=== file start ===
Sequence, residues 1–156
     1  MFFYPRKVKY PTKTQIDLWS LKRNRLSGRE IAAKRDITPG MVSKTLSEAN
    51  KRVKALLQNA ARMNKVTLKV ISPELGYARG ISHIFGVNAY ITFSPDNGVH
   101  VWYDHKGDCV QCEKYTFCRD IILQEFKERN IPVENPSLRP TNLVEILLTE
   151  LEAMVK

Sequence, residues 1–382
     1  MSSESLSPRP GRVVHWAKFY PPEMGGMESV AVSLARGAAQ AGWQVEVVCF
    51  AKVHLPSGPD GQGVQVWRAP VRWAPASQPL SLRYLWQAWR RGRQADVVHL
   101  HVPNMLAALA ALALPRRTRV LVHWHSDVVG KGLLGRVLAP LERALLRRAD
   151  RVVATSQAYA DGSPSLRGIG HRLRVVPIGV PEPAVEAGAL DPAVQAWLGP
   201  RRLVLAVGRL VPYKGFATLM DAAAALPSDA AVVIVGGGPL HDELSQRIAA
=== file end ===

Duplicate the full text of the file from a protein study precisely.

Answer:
Sequence, residues 1–156
     1  MFFYPRKVKY PTKTQIDLWS LKRNRLSGRE IAAKRDITPG MVSKTLSEAN
    51  KRVKALLQNA ARMNKVTLKV ISPELGYARG ISHIFGVNAY ITFSPDNGVH
   101  VWYDHKGDCV QCEKYTFCRD IILQEFKERN IPVENPSLRP TNLVEILLTE
   151  LEAMVK

Sequence, residues 1–382
     1  MSSESLSPRP GRVVHWAKFY PPEMGGMESV AVSLARGAAQ AGWQVEVVCF
    51  AKVHLPSGPD GQGVQVWRAP VRWAPASQPL SLRYLWQAWR RGRQADVVHL
   101  HVPNMLAALA ALALPRRTRV LVHWHSDVVG KGLLGRVLAP LERALLRRAD
   151  RVVATSQAYA DGSPSLRGIG HRLRVVPIGV PEPAVEAGAL DPAVQAWLGP
   201  RRLVLAVGRL VPYKGFATLM DAAAALPSDA AVVIVGGGPL HDELSQRIAA